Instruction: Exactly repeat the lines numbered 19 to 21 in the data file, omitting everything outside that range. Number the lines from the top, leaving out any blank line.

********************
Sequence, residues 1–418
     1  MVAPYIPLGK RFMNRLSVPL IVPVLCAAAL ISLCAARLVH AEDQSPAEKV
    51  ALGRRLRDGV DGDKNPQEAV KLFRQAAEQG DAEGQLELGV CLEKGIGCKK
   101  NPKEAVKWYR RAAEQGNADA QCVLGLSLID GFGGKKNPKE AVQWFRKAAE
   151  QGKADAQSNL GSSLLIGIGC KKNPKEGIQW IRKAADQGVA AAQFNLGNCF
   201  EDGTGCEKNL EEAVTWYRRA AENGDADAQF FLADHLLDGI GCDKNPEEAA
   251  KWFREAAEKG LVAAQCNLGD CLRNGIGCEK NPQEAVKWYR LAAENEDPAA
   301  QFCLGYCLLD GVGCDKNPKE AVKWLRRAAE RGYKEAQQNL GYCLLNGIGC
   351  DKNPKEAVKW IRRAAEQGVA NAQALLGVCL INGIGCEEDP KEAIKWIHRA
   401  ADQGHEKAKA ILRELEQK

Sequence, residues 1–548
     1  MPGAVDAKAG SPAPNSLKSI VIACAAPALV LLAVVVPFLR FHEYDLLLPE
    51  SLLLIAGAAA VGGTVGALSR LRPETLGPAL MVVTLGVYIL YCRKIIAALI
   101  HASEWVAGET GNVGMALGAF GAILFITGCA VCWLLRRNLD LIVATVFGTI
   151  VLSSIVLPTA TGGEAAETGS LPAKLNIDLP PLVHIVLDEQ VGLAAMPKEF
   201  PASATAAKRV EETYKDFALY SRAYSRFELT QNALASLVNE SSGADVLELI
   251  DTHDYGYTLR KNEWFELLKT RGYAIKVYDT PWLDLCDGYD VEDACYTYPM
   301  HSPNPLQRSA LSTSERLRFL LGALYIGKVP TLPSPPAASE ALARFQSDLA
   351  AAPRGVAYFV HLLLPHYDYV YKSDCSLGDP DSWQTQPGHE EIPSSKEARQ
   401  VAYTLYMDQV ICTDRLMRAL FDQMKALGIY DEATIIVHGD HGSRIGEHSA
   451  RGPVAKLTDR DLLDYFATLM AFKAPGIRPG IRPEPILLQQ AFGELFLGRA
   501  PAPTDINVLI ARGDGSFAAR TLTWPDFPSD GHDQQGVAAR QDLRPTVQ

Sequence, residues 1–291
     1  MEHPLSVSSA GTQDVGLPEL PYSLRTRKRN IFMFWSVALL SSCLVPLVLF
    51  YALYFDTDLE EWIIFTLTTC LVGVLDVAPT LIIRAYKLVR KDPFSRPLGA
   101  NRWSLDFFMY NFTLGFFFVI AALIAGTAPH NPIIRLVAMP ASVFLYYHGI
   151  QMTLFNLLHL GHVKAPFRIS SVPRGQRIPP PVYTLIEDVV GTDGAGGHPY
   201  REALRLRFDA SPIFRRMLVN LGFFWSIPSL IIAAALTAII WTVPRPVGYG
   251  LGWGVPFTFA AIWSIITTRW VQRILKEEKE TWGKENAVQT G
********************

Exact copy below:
   351  AAPRGVAYFV HLLLPHYDYV YKSDCSLGDP DSWQTQPGHE EIPSSKEARQ
   401  VAYTLYMDQV ICTDRLMRAL FDQMKALGIY DEATIIVHGD HGSRIGEHSA
   451  RGPVAKLTDR DLLDYFATLM AFKAPGIRPG IRPEPILLQQ AFGELFLGRA